Every once in a while there are moments in life that get replayed over and over in my mind. I don’t know if anyone else has ever had (or has) this kind of experience, but it is really… um…. surreal.
Remember when surreal was the “it” word? Like, movies were surreal and art was surreal and life itself was surreal?
No? Monsieur Meow and I do and we were even talking about it the other day. It was overused in the terminally-hip 90s, and everything was surreal, courtesy, I imagine, of Quentin Tarantino. These days, surreal is a word better applied to things like Tom Cruise getting dropped from Paramount (surreal, huh?) or to bad driving (Although….. you remember OJ driving through the freeways of LA? We do too. THAT was SURREAL). But alas, it no longer is the edgy word du jour, and VH1 knows it. Why else call their reality-tv-cum-tragicomedy “The Surreal Life.”?
Back to the surreal thingy: back in March, when little Herr Meow was still a mostly-sleeping bundle of goodness who had not discovered his feet, the stairs, or any manner of ganky and nasty things to put in his mouth, we met this nice waitress at this little hole in the wall place called the Breakers Cafe (you can look it up if you’ll be in the Monterey Peninsula. Cheap, but nice).
She — in one of her many soliloquies as she deftly served our table without forgetting what it was she was saying– briefed us on her ten-month old who apparently seemed to have the dentition of a moose and hence ever since he was about 3 months old and that first precocious incisor had twisted its way out of his gums and into her life, she’d had a hell of a time. No sleep, no balm, no nothing: apparently the child had gone overnight from absolute angel to total bane of her existence.
“But of course I still love him very much, so what are you gonna do?”
With the entrees, she took time to explain her sleeplessness.
With some more coffee, she delighted in predicting how horrible it could be for me– “not that it will be the same for you, but my little guy changed completely!”
As we left, she wished us good luck.
I only wished then as I do now that I didn’t have to remember this ever again, or that none of what she Nostradamused so effusively would ever come to pass.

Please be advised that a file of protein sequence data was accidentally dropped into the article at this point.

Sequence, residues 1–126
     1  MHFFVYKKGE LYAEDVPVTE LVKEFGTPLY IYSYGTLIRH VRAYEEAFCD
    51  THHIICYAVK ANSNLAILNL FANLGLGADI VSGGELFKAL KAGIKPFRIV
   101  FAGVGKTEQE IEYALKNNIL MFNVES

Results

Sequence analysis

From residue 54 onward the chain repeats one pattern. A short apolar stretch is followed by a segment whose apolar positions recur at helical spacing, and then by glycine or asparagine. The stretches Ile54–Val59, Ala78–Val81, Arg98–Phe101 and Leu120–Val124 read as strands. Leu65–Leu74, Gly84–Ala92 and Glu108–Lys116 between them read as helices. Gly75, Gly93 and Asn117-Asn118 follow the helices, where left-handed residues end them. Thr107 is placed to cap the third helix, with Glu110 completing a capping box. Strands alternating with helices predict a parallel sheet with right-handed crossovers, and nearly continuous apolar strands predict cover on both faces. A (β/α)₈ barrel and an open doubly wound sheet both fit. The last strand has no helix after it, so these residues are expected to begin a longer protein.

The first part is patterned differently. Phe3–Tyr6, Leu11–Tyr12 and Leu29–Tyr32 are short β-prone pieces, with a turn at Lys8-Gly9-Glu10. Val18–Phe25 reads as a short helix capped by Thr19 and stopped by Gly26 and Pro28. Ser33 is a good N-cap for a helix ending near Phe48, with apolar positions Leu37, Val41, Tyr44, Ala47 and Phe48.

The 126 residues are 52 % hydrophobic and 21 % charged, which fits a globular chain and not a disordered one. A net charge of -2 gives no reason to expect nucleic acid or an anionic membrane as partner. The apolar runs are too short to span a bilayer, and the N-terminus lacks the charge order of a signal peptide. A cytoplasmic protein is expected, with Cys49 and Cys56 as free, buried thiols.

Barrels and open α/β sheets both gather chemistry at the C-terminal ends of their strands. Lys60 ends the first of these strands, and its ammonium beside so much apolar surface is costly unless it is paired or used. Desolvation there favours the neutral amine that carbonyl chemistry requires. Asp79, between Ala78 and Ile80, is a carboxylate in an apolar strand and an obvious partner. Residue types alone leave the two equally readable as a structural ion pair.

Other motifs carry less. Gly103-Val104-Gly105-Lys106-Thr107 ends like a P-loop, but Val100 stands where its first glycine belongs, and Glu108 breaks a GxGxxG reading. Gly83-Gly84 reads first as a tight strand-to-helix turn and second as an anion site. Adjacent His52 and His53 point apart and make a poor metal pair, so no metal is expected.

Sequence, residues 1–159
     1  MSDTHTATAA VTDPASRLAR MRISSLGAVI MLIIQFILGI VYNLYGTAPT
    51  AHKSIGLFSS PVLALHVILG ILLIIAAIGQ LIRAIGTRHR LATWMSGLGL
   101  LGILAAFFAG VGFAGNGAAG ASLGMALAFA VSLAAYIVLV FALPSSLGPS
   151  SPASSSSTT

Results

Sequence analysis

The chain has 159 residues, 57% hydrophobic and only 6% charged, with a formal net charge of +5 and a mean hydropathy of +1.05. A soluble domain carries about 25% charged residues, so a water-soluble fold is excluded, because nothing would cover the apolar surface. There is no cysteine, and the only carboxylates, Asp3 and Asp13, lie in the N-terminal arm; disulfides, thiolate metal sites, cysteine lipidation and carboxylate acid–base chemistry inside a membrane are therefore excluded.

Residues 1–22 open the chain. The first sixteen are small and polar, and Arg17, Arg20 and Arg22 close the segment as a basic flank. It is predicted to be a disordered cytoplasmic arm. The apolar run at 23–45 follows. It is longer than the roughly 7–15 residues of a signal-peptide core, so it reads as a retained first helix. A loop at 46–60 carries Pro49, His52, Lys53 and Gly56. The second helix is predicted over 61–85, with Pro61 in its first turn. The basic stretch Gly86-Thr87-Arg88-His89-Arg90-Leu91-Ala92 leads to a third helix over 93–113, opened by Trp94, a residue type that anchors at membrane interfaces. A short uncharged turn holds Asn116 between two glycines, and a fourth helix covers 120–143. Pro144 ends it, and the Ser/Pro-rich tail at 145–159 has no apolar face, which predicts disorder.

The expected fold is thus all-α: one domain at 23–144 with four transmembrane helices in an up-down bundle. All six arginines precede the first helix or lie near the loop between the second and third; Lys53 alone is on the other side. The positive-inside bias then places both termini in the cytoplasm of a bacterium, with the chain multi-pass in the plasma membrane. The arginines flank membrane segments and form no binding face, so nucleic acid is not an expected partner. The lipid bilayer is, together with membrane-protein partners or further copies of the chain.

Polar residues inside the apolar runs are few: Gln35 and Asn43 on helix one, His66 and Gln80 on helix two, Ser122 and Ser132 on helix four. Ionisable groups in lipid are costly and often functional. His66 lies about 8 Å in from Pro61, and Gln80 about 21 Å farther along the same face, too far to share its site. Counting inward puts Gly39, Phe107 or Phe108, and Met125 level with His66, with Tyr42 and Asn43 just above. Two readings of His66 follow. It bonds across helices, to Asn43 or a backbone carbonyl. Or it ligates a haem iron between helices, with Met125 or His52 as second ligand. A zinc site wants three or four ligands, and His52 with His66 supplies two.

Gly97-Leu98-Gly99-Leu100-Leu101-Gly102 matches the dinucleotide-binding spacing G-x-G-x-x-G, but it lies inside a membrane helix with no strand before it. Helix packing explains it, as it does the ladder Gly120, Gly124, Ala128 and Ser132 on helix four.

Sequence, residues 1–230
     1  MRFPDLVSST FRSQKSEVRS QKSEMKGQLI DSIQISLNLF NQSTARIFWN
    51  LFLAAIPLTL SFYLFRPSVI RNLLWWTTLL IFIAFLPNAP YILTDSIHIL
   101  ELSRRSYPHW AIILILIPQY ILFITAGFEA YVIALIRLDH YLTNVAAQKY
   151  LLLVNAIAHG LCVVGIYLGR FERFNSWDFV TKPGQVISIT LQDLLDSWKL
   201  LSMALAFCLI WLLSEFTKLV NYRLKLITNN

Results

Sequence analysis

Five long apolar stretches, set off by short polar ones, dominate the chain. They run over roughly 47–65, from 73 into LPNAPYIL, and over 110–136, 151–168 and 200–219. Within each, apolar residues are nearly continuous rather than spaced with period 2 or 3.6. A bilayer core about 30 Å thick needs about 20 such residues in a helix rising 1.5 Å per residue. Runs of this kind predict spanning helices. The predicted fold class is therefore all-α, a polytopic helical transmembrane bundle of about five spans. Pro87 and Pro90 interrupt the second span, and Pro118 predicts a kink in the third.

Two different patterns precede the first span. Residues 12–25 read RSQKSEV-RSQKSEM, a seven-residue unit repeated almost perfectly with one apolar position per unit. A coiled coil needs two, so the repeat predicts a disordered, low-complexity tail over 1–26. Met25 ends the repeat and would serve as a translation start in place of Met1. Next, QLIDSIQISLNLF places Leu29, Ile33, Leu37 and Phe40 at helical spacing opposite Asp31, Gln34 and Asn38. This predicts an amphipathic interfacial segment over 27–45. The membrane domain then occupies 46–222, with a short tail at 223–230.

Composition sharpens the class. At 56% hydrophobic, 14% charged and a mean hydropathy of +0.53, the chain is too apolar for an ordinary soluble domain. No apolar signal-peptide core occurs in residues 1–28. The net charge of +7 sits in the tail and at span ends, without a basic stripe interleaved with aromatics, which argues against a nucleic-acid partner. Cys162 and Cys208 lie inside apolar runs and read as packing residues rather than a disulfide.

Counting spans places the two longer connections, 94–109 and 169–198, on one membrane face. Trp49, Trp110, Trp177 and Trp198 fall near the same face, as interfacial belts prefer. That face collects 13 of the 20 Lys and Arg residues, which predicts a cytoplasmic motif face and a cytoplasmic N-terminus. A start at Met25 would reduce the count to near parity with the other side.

It’s been over a week and a half since I’ve had a decent night’s sleep. Herr Meow –fashionably late to the world of teething but not so late that the whole “you know, kids develop at different rates” spiel could be said by anyone (with that expression of mock serenity that really means “Holy crap! Your kid’s retarded!” and which people adopt when talking about those matters).
Today’s been particularly bad: nursing, whining, crying, not much sleep. Waking up in tears: the eyes seem to say “make it stop, mommy.” And, heartbreakingly enough, he now calls me “MAMAMAMMM” anytime he needs food or comfort; that little sweet bit only makes things worse. Incidentally, he also stops and looks around and seems to ask, “DADDADADADADADD?” and I just want to melt.
But then he chews on something and it’s nothing but happy. Happy happy bouncy boy, crawling and standing and seeing if I turn away long enough so that some nummy cables can go in his mouth. And after a while, it goes back to the same cycle.
Nursing, whining, crying. Rinse, repeat. Do not place in crib– may cause excessive anxiety.
Two teeth are peeking through now: today’s bother seems to be the left incisor, about a week behind the right one, breaking through the gum.
Herr Meow is an incredibly healthy baby: he’s only had two colds in his short life and nothing else. He doesn’t know about suffering, discomfort, or pain. And for that reason I’ve been one very lucky mom.
But here we all are, and this is what it is all about. And I wish that I could make it better, but I could also wish that it could just go away and let me sleep. And let him sleep as well.
And thank you, Breakers Cafe girl: I now have the memory of you and your misery on loop, forevermore.